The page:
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Numbers | A History of Numbers | Propositional Logic | Logical Completeness | The Liar's Paradox
Logical Consistency | Basic Methods of Mathematical Proof | Integers and Natural Numbers
Rational Numbers | Irrational Numbers | Imaginary Numbers | The Euler Equation

A jumble of brightly-coloured magnetic numbers on a fridge door.

Originally invented for the purpose of counting, those peculiar creations known as 'numbers' have become endowed with special meaning. Numbers were originally created not as entities in themselves, but as conceptual tools which turned out to be somewhat useful for solving problems, doing mathematics, and answering questions such as 'How many angels can fit on the head of a pin?' In recent times, geologically speaking, numbers have gained an existence of their own. Certain numbers have become unlucky, while others have become sexual innuendoes. Numbers can be natural, imaginary, or even perfect. Here's some good advice for those who are unfamiliar with numbers.

1. Learn how many Fingers the Local Inhabitants have

The standard system for writing numbers is based on the number of fingers per person (barring injury and genetic mutation). This system is probably one of the more clever things that we have generated, despite our awful choice of a base number (ten). Since the number of fingers per hand and the number of hands per person are both prime, our base number only has two factors, causing all sorts of annoying little problems like repeating decimals for relatively simple fractions, and messy multiplication algorithms.

Many years ago, people got into the habit of using letters as numbers. This caused a problem with paper, primarily because there wasn't any. Writing materials were scarce, so when it came to large numbers, there wasn't enough space for them. The Romans* thought they had solved this problem by allowing certain letters to stand for very large numbers. While this was considered satisfactory for many years, people found the fact that CMXCIX and M were consecutive numbers just a little counter-intuitive1. It also necessitated coming up with two new letters every time the number was multiplied by ten.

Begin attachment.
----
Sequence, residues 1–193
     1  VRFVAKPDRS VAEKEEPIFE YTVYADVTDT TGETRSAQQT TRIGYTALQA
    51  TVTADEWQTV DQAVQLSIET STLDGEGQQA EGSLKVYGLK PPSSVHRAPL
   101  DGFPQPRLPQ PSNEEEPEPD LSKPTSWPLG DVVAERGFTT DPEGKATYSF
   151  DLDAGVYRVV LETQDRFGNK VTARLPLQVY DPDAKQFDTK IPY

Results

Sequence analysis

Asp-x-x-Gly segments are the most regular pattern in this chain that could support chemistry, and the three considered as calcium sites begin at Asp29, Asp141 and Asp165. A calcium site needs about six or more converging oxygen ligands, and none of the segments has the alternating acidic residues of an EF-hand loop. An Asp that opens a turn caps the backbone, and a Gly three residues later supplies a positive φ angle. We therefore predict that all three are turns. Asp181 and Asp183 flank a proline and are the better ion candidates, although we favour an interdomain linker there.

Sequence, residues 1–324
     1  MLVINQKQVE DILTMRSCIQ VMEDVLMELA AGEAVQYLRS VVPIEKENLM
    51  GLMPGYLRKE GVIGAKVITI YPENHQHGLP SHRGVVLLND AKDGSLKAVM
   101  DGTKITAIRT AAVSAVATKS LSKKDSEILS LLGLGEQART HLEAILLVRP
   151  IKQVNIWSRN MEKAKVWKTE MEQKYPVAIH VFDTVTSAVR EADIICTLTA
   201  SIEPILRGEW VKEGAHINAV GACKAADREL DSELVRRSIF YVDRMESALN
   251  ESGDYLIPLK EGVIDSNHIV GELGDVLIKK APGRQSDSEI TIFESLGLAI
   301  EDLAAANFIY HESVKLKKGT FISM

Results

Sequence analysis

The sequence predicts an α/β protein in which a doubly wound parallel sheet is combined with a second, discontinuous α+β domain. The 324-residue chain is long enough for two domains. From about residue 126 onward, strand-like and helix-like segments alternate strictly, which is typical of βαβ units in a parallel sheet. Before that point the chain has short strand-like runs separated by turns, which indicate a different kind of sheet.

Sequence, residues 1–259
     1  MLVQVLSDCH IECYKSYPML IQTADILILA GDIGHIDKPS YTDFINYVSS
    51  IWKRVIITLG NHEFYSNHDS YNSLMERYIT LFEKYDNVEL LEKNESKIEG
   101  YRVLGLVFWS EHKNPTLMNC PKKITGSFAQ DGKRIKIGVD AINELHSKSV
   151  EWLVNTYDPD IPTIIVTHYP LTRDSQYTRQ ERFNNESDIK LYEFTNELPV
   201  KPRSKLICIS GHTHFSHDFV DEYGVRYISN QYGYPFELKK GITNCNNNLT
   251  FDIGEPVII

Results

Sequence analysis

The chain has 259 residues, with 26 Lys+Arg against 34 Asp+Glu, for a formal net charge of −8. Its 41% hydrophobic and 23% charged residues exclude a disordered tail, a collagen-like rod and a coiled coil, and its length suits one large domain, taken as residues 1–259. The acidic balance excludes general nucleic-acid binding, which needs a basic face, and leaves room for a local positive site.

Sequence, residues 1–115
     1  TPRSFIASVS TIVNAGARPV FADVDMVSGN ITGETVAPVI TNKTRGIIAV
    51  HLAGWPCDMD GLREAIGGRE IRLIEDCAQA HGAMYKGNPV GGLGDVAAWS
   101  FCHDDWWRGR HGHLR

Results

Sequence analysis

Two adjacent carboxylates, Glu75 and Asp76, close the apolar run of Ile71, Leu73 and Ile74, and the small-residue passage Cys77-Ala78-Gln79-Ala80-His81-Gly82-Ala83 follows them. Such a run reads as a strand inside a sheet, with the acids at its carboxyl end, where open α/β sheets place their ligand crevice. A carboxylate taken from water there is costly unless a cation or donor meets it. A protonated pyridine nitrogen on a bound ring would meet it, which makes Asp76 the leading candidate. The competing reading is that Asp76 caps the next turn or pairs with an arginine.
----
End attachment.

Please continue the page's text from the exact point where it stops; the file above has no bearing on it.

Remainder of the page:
It was about this time that some genius realised that there already was a fantastically efficient method for keeping track of arbitrarily large numbers. Contrary to popular belief, the abacus was not a musical instrument, nor was it a convenient way for women to keep track of their jewellery. The abacus functioned on the simple principle that when you ran out of beads on any particular column, you merely reset that column and flipped over one bead in the column to the left. This brilliant person, who probably never really existed, used a set of ten symbols to represent the number of beads on any particular column and just strung them together exactly as if it were a tiny little abacus on paper (or whatever they were using at the time). The only tricky part was that there needed to be a symbol for no beads. So, borrowing a little symbol that the Babylonians had used to represent nothing, the method was complete!